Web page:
Paul Jacob

Back in college, decades ago, my political theory professor regaled his students with stories of the brilliant political analyses and insights of his favorite European socialist intellectuals. Abhorring socialism, I began to better appreciate my Mother’s oft-repeated challenge: “If everyone else jumps off a cliff, are you going to jump, too?”

Ideas are wise or foolish, however, without regard to national origin. Americans can and have learned great concepts from folks in Europe and Asia and Africa. It’s called paying attention. We Homo sapiens do have an uncanny knack for imitation.

Michelle Malkin

Take Switzerland. The Swiss Confederation has more than 150 years of experience with citizens enacting or rejecting laws through initiative and referendum. It thus offers the world a worthwhile example of participatory democracy. Odd that more countries haven’t flat-out ripped off the idea for their own benefit.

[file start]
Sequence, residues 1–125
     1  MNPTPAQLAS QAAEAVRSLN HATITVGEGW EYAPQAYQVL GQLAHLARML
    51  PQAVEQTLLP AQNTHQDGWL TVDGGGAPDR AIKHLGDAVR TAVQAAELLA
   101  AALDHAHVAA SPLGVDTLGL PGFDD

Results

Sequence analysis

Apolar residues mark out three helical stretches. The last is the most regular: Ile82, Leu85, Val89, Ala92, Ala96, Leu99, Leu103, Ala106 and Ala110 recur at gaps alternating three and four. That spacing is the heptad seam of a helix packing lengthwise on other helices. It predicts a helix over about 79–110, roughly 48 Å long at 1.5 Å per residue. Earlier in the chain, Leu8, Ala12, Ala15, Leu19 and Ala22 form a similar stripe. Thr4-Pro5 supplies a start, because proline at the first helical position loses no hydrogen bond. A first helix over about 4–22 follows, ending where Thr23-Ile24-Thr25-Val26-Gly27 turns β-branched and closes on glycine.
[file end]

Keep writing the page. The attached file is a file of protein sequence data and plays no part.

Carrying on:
Of course, empowering voters offers distinct advantages for the average person. Not so for the political elite. For them, when it comes to citizen power, less is more.

That’s why it is worth taking note of the new European Citizens’ Initiative (ECI), brought to life through the European Union’s Lisbon Treaty. This foray into citizen engagement is far, far tamer than the Swiss model of voter initiative and referendum — or the citizen initiative process at work in 24 of these United States.

In fact, while dubbed “direct democracy,” the ECI seems anything but direct.

It better resembles a suggestion box than the familiar-to-the-Swiss (and us) initiative. To propose a measure through the ECI, more than a million Europeans representing a significant percentage of citizens in at least one-third of EU countries must sign a petition. This is a serious hurdle, though the requirement is not nearly as difficult as the signature levels that must be met in most states in order to qualify a ballot measure.

Moreover, even if the petition reaches the necessary signature threshold, and is found to be an area of governance that can be properly addressed by the EU, the ECI will not result in a vote of the people throughout the Union. Nor does an ECI require the representative bodies of the European Union to represent the very sentiments of those petitioning by taking any specific action in light of a million citizens petitioning their transnational government.

Paul Jacob

Paul Jacob is President of Citizens in Charge Foundation and Citizens in Charge. His daily Common Sense commentary appears on the Web and via e-mail.